Image of the Day: The Hubble takes a stab into the starry heart of our Milky Way

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Apr 5, 2016, 2:47 PM EDT

Travel deep into the sparkling recesses of the universe in this incredible image captured by NASA's Hubble Space Telescope of 500,000 stars shining within the Milky Way's core  Existing at the bustling hub of our galaxy, this star cluster surrounds the Milky Way's central supermassive black hole named Sagittarius A, estimated to be 4 million times the mass of our sun.  Beyond a handful of blue foreground stars seen, this hypnotic congregation is a member of the Milky Way’s nuclear star cluster, the most massive and densest star cluster in our galaxy.  It's so stuffed with stars, it's like having a million suns crunched between us and our nearest stellar neighbor, Alpha Centauri.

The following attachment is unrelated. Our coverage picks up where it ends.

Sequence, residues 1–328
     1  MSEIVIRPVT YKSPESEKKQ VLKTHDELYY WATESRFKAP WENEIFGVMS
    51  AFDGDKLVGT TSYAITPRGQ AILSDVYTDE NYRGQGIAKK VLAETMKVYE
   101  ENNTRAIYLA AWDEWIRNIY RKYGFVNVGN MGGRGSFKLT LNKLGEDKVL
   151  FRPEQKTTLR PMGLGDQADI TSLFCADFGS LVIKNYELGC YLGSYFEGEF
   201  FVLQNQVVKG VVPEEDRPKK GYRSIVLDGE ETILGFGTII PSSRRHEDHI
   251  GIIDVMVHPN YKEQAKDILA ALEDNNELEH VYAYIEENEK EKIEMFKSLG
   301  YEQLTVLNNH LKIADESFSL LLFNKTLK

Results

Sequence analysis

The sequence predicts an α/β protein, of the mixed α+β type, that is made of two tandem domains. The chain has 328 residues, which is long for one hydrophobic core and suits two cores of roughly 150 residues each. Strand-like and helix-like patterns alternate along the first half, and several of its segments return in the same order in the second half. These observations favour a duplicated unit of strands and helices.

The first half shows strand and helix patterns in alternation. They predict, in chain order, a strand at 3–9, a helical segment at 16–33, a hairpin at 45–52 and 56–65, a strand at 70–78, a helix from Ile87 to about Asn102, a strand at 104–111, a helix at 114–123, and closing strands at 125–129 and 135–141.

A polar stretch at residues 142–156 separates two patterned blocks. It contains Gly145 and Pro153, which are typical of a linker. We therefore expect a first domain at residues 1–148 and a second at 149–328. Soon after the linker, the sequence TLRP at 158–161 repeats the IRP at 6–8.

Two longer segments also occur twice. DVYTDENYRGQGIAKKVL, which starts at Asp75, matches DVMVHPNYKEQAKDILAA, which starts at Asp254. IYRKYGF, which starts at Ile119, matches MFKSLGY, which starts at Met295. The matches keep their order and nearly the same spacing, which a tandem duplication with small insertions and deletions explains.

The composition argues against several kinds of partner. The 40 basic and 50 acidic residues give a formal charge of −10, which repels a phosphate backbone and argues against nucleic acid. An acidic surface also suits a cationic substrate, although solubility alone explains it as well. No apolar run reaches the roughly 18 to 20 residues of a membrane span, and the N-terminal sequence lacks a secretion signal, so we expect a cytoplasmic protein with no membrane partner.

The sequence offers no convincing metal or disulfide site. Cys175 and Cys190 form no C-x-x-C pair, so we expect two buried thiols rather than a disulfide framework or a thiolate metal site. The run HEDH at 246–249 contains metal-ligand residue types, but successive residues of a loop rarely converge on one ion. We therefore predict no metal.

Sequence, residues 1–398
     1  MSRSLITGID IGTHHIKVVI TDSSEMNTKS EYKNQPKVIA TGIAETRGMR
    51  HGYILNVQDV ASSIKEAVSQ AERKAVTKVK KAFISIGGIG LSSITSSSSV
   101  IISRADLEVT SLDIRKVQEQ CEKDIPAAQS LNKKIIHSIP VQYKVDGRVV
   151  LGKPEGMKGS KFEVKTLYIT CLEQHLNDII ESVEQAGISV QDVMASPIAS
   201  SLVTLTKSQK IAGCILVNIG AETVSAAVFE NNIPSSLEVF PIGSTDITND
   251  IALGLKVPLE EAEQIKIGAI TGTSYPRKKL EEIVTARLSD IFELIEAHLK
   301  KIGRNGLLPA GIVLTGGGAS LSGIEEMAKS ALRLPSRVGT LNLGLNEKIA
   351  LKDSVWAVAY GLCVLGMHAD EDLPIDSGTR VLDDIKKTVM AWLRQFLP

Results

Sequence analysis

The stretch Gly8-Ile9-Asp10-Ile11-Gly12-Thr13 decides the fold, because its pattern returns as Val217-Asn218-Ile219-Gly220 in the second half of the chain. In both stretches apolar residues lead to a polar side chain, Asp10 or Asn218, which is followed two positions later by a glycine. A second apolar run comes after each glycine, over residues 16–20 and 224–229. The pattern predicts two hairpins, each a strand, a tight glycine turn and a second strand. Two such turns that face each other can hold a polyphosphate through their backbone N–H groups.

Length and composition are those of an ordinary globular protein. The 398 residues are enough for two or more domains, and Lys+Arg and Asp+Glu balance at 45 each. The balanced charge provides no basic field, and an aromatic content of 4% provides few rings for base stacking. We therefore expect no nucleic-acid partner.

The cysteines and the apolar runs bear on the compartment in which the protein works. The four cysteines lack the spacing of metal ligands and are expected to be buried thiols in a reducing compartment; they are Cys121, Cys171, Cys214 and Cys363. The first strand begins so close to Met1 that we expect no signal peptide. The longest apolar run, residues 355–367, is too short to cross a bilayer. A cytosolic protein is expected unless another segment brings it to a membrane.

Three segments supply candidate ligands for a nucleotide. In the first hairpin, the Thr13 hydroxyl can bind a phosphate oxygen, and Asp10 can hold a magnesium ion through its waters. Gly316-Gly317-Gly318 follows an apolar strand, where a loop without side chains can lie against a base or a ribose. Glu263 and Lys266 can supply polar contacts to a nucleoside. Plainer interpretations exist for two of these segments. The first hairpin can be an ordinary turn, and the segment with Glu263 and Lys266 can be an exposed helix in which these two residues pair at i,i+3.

Astronomers put Hubble’s infrared vision to fine use to penetrate through the interstellar dust in the spinning disk of our galaxy that obscures this gargantuan star cluster.  Scientists translated the infrared light, invisible to human eyes, into a tapestry of unimaginable beauty.  Red stars are either embedded or shrouded by intervening dust, with dense clouds of gas and dust viewed in silhouette, appearing dark against the brighter background stars.


This mind-blowing picture spans 50 light-years and is a mosaic stitched together from nine separate images via Hubble’s Wide Field Camera 3. The center of the Milky Way is located 27,000 light-years away, and the blizzard of stars seen in the image is a mere fraction of what still remains hidden, with astronomers estimating nearly 10 million stars in this cluster are too faint to register in this image.

(Via NASA)